Go back to the enewsletter Written by Andrew Conwa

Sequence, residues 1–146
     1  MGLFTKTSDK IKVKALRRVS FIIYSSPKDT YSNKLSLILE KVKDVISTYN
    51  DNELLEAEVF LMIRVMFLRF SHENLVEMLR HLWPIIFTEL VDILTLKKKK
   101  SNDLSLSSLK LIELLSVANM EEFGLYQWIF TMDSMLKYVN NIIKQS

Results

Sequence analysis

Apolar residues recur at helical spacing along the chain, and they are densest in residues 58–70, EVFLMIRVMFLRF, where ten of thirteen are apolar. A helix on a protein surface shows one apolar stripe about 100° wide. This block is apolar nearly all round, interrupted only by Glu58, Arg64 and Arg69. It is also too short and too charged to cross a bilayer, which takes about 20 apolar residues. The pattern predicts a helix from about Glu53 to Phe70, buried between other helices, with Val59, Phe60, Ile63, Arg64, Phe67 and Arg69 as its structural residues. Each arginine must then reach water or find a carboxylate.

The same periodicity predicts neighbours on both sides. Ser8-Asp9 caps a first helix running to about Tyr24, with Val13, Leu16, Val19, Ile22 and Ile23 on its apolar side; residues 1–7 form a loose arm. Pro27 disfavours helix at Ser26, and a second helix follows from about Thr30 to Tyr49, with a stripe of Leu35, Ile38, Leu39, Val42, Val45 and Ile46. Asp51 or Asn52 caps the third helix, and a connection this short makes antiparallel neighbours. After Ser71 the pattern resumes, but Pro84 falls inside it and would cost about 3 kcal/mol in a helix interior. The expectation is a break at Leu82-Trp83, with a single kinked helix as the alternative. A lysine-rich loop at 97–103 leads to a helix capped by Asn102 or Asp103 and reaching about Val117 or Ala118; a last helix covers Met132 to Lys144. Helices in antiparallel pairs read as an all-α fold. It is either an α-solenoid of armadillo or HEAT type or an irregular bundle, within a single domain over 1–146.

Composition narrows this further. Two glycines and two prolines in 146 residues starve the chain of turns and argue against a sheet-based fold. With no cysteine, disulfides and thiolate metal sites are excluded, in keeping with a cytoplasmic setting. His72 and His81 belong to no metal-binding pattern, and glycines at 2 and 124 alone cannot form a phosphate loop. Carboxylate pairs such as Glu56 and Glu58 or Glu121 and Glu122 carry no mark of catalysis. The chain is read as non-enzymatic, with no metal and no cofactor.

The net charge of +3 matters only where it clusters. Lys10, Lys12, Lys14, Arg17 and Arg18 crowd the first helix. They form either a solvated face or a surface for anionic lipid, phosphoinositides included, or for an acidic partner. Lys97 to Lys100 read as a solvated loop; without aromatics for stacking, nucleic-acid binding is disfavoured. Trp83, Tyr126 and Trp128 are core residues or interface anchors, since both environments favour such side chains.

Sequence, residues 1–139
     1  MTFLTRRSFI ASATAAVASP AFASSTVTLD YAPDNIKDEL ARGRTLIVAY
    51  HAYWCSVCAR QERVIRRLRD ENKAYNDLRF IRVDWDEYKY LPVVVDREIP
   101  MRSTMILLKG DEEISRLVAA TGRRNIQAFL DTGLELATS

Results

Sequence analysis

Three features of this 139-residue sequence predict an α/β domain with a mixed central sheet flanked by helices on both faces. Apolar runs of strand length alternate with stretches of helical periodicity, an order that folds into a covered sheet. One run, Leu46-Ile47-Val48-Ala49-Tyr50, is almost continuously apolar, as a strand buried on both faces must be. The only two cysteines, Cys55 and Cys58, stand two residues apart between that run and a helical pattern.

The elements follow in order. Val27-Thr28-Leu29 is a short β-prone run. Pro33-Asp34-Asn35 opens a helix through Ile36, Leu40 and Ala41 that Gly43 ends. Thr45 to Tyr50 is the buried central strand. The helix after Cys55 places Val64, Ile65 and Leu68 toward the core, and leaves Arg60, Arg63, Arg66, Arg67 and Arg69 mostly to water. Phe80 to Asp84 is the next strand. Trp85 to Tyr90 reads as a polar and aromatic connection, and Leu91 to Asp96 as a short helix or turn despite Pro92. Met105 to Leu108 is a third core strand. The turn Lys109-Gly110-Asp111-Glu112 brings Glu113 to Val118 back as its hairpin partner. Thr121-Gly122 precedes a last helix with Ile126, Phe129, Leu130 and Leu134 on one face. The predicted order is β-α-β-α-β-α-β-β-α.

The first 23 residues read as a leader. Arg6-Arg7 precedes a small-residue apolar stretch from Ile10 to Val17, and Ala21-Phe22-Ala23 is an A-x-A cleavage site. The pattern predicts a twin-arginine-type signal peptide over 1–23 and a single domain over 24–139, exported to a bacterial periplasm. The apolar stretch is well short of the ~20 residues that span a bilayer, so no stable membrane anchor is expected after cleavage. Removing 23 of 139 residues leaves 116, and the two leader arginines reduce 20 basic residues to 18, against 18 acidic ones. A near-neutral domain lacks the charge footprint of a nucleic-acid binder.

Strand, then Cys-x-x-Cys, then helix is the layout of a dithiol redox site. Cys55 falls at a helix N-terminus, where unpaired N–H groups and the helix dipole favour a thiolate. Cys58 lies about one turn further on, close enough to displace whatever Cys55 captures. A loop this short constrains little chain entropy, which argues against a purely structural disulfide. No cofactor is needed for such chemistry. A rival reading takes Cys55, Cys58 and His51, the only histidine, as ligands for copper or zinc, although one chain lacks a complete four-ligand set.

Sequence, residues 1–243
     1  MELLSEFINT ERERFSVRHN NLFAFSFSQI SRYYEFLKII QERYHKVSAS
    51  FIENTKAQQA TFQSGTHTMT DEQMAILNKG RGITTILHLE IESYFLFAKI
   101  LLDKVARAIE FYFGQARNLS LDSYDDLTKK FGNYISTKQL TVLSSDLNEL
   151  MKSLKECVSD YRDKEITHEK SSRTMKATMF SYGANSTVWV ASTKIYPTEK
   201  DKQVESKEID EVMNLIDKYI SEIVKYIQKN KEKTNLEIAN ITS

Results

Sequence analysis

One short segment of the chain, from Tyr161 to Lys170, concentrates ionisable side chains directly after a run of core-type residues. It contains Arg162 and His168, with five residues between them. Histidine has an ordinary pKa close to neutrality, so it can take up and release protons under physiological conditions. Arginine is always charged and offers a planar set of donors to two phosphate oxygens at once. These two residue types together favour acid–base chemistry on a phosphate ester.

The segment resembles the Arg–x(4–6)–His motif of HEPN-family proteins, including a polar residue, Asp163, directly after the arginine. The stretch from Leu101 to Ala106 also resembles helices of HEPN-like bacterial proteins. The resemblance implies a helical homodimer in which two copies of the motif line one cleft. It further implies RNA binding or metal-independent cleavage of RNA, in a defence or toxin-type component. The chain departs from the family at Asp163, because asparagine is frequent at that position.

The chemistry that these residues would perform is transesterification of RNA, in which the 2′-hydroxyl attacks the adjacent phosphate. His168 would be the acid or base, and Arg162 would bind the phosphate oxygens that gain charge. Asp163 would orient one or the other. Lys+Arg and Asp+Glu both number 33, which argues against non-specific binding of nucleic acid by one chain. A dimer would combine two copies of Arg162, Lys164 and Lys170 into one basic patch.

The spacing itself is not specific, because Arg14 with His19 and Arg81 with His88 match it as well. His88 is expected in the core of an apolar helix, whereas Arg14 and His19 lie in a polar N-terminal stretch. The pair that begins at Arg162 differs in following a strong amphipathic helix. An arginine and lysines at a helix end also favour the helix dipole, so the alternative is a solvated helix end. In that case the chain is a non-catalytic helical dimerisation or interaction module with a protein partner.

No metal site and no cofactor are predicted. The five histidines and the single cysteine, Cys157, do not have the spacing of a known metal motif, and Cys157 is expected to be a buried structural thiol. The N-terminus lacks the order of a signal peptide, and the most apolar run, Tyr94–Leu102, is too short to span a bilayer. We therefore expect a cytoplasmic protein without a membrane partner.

first_imgGo back to the enewsletterWritten by Andrew ConwayThe classic Australian song, ‘I’ve Been Everywhere’, has long captured the inherent spirit of antipodean travellers. With longer annual holidays, higher disposable income and a keener sense of adventure than many other nationalities, Australians are widely considered among the world’s most prolific travellers.But a distinct cultural shift is changing the way Australians now explore the world. The once-popular “been-there-done-that” approach is rapidly giving way to a more thoughtful, altruistic and globally minded rationale that’s also moving firmly into the thriving luxury travel arena.Not the rarefied world of five-star hotel suites, white linen tablecloths and silver service, but a more authentic, immersive, private and highly personalised space – and luxury travel brands are responding to the new mindset.Cathy Wagstaff, Editor-in-Chief of Signature Luxury Travel & Style“Small and intimate is in,” says Cathy Wagstaff, Editor-in-Chief of Signature Luxury Travel & Style, a leading media sponsor of ILTM – with the largest audited circulation of any Australian consumer travel magazine – and of LATTE, the only luxury travel trade enewsletter in Australasia.“Australians will always love Europe, especially Italy and France, but there is a trend towards smaller, more personalised hotels, customised tours offering unique and immersive cultural experiences, and authentic regional cuisine in places like Japan, Iceland, the Galapagos Islands, Africa and Antarctica,” she adds.Wagstaff points to tented camps, ‘bubble’ tents, exclusive wellness retreats and off-the-beaten-track wildlife safaris, especially those with a genuine focus on conservation.“Australian luxury travellers want the best and will be loyal to luxury travel brands that deliver on service, product and experiences,” she adds. “Giving back to local communities wherever possible is also increasingly important.”Michael Londregan, Managing Director of Virtuoso Asia PacificMichael Londregan, Managing Director of Virtuoso Asia Pacific, agrees.“Small is big and exotic is really popular,” he says. “Australian travellers are looking for things in the middle of their wishlists like the Galapagos, Japan, Antarctica, Cuba and Mexico.”“These are all places that have traditionally not sat at the top of people’s bucket lists, but that are really doing well this year,” he adds.Londregan says there is also a backlash against mainstream travel offerings. “Now it’s all about bespoke,” he contends. “I want travel to be designed around me, according to my and my family’s brief. I don’t want to be offered a trip that’s near enough, but cheaper. The point isn’t the cost; it’s the perfection of the fit. I want it custom-made for me.”The latest Virtuoso Luxe Report (Australia), which surveyed the opinions of leading luxury travel agencies and advisors in 82 locations across the country, predicts 2019 will be a year of ultra-personalised experiences for Australian luxury travellers.“High-end brands are starting to understand that personalisation is the new luxury,” says Londregan. “For the industry to do this well, we need to understand broader societal changes and trends towards health and wellness, authenticity and true engagement. The human trends that are happening for high net-worth individuals are translating into the travel trends we are seeing today.”While the average income of Australian luxury travellers is reported to be around $318,000 – and they spend approximately $13,000 per trip – value for money is still a key driving influencer.Anthony Goldman, Joint Managing Director of The Goldman Group“Everyone wants value, no matter how much money they have to spend,” says leading luxury travel authority and Joint Managing Director of The Goldman Group, Anthony Goldman.“Luxury travel brands need to understand that even though a client will spend big on travel, if the experience doesn’t live up to the promise, you will not be able to attract that high-end traveller on an ongoing basis,” he says.“Another point to note is that luxury means different things to different people, and contrary to what most people think, luxury travel is no longer the reserve of the very wealthy.”Goldman says luxury travel is changing, and it is no longer about being over the top. “The luxe travellers of today are seeking more personal and stripped-back special experiences, with superior service and recognition remaining mandatory,” he says.“Australian luxury travellers are adventurous, travelling with family and travelling more often, and want to experience local culture over white tablecloths and chandeliers.”Steve Odell, Senior Vice President and Managing Director,  Asia Pacific at Norwegian Cruise Line HoldingsThe booming luxury cruising industry is also seeing a shift in trends. Senior Vice President and Managing Director Asia Pacific at Norwegian Cruise Line Holdings, Steve Odell, says Australian luxury cruise clients are increasingly looking for a one-of-a-kind, fully inclusive experience akin to travelling on a private yacht.“Simply translated, this means a personalised style of travel,” he says. “Regent Seven Seas Cruises is the only luxury cruise line to offer free unlimited shore excursions in every port. This is matched by exemplary service, all-suite accommodations with private verandahs and an array of inclusive dining choices on every ship in the fleet.”Odell says key trends for luxury cruising in 2019 include bespoke guided tours that immerse guests in the local culture of the region being visited.“We are also seeing a surge in bookings for destinations such as Japan, French Polynesia, the Baltic and Alaska,” he says. “Smaller ships mean smaller boutique ports of call, away from the crowds.”Lead image: Joali Maldives – Three Bedroom Ocean ResidenceGo back to the enewsletterlast_img read more